As tests carried out in a practical context have shown, a support action of that kind, which is afforded by means of the guide surface provided in accordance with the invention, is possible in a completely satisfactory manner, in particular when very high speeds of movement of the paper web are involved. That is surprising insofar as it could initially be assumed that the high speed at which the web of paper moves would cause a venturi effect between the flat surface of the web of paper and the flat surface region of the guide surface, which venturi effect results in a suction action between those mutually parallel surfaces. In actual fact however, because of its roughness, on each of its sides the web of paper entrains with it a layer of air which can be several centimeters thick when measured perpendicularly to the direction of movement, when high speeds are involved. By virtue of the fact that a "funnel" which tapers in a downstream direction and which is formed by the web of paper and the curved surface portion provides that the above-mentioned layer of air is entrained and pressed into the downstream-disposed air gap of uniform width, a sufficiently high pressure occurs in that air gap that it reliably prevents contact between the web of paper and the guide surface. In order to ensure that there is a sufficiently increased pressure when the web of paper is moving at lower speeds, for example when the printing machine is being started up or when it is being slowed down, the apparatus may preferably have a device for injecting blowing air into the air gap between the web of paper and the guide surface. The amount of air which is required for that purpose is considerably less than the amount of air which was circulated by the second impingement jet nozzle arrangement that was previously considered necessary, and the associated fan.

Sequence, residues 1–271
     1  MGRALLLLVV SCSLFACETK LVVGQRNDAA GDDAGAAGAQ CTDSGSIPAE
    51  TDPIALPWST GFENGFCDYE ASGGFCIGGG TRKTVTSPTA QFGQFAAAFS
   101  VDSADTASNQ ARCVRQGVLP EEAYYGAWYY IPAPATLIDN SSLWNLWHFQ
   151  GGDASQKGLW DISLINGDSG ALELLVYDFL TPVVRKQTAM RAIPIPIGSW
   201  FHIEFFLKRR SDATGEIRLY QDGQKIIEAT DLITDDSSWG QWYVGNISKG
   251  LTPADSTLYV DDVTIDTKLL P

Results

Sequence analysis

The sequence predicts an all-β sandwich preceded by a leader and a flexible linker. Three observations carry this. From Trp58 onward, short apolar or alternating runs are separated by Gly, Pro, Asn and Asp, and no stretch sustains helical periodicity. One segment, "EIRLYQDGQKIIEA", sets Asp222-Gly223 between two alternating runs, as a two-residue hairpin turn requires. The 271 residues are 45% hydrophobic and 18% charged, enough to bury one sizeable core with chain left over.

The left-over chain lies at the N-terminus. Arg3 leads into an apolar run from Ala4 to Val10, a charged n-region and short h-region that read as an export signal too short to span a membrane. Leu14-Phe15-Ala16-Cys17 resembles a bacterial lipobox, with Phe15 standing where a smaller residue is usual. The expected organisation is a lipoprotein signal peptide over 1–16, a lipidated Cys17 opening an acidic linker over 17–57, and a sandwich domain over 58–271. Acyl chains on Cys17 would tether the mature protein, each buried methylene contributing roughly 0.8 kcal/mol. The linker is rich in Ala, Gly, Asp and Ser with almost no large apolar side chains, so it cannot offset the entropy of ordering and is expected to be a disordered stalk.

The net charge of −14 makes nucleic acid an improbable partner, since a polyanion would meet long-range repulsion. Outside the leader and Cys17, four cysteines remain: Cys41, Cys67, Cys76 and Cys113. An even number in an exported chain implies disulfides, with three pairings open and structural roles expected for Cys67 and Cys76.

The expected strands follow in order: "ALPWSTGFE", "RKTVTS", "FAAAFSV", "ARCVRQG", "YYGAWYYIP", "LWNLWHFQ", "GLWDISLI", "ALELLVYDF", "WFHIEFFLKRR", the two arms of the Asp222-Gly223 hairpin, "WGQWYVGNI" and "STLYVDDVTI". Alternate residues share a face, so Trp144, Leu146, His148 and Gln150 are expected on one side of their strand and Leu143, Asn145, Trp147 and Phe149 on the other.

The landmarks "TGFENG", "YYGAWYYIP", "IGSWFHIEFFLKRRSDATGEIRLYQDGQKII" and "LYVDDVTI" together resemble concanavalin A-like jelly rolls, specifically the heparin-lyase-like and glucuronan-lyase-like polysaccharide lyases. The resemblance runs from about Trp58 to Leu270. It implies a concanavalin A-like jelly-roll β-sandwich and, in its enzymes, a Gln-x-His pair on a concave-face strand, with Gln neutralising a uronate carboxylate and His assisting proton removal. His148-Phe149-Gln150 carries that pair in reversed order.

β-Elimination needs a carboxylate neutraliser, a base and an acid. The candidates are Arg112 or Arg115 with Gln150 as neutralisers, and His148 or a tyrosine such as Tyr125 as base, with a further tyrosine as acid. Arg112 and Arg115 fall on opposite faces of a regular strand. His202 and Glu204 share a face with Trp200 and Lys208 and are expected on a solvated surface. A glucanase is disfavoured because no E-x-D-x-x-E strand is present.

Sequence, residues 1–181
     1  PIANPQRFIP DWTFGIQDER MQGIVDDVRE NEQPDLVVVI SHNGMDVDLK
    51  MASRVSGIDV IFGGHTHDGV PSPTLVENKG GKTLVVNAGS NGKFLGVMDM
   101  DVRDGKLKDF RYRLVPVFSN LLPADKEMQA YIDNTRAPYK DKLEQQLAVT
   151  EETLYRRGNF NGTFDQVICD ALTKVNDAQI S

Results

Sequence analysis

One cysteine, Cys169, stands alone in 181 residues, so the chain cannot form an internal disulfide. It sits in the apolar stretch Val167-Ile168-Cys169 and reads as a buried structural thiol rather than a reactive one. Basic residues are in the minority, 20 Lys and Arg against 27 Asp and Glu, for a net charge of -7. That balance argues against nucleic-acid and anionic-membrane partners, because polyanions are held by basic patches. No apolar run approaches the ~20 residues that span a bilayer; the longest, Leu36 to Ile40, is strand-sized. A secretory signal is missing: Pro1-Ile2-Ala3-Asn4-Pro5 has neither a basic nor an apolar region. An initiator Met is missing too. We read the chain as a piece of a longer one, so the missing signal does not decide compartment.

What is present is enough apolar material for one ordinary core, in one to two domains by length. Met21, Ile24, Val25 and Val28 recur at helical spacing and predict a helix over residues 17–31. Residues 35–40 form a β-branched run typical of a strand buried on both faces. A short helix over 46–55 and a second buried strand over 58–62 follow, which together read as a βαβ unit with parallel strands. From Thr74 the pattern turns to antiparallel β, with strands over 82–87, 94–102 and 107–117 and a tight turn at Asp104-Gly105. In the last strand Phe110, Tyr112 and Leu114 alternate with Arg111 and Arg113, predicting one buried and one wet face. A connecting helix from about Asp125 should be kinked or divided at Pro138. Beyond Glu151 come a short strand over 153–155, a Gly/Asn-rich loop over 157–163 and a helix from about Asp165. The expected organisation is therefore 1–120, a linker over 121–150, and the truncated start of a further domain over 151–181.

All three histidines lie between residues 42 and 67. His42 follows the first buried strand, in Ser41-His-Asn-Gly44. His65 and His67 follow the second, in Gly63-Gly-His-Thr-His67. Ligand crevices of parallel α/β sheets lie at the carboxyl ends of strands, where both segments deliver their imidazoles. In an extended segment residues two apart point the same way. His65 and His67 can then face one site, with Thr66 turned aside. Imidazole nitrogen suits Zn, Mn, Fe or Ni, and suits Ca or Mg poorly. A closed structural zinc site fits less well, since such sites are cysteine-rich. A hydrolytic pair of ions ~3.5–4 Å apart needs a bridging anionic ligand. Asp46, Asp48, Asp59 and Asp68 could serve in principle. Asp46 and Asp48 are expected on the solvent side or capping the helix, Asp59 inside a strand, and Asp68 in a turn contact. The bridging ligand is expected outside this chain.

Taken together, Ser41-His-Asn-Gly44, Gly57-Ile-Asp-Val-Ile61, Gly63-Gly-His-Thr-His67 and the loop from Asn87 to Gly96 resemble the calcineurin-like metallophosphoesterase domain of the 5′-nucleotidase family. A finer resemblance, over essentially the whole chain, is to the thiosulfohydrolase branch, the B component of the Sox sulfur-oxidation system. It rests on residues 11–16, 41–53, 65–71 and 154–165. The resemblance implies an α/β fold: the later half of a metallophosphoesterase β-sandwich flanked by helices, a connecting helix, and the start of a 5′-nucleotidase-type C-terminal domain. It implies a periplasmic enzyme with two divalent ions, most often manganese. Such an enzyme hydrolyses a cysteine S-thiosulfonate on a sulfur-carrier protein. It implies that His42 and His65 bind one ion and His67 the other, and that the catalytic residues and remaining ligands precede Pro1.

Therefore, by virtue of the/dryer arrangement according to the invention, without a reduction in the drying effect it is possible to omit one of a respective pair of impingement jet nozzle arrangements and the associated fan, so that a 50% reduction in fan output is achieved. In the case of a rotary intaglio printing machine which includes eight printing mechanisms for double-sided 4-ink printing, that results in an immense saving of energy.
In conventional rotary intaglio printing machines, it is necessary to arrange a respective so-called steam lance downstream of each of the drying apparatuses. That is a pipe which extends transversely to the direction of movement of the web of paper and which has a plurality of nozzle openings through which steam or water vapour flows onto the web of paper in order to moisten it. That corrects a shrinkage process that the web of paper suffers in the conventional dryers and which would otherwise have an adverse effect on register accuracy.